Thanks for the info Ilinda - will look those up!  :)

R.R. Book

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Re: When the Lights Go Out
« Reply #17 on: December 02, 2017, 05:38:59 PM »
Still researching them, but so far they sound very promising.  The temperature range tolerated is superior to anything available right now in deep cycle batteries, it seems.  With what is currently on the market, you have to choose from either one type for warm climates or another type for cold climates, with little room for variability of the extremes.  :)
« Last Edit: December 02, 2017, 06:35:17 PM by R.R. Book »

ilinda

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Re: When the Lights Go Out
« Reply #18 on: December 03, 2017, 06:19:09 PM »
I'll try to find the link for the manufacturer.  After seeing the silicon batteries in Backwoods Solar catalog, I inquired about various sizes and they (BWS) only carry some, but the mfg. in Canada has many, many sizes and types, but according to their website, BWS is the only distributor.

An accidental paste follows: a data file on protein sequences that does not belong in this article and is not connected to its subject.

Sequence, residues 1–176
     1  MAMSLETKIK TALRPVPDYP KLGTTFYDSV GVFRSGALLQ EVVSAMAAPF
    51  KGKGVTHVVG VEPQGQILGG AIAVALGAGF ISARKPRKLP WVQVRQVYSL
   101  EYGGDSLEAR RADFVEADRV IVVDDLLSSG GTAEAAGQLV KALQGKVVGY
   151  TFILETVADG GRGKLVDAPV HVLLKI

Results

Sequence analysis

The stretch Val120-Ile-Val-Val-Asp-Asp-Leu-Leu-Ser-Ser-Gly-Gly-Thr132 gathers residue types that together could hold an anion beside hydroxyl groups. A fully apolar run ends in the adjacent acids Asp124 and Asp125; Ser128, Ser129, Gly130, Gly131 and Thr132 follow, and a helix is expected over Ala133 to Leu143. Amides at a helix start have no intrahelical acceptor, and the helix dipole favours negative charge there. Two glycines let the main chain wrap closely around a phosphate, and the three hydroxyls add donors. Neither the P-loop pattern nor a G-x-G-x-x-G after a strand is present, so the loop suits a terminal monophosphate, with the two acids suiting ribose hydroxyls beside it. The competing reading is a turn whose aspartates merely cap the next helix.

I did call and asked about several smaller batteries for lawn tractors, etc., and he said that BWS would carry them, but BWS said "no".  So, eventually I hope to find a source of the many types of this non-polluting battery.

Ok, here it is:!:  http://www.siliconebatteries.ca/

If anyone finds anywhere besides BWS who sells these, please post it here, as the Canadian manufacturer does not sell direct to the little guy.   Thanks!

R.R. Book

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Re: When the Lights Go Out
« Reply #19 on: December 04, 2017, 01:48:57 PM »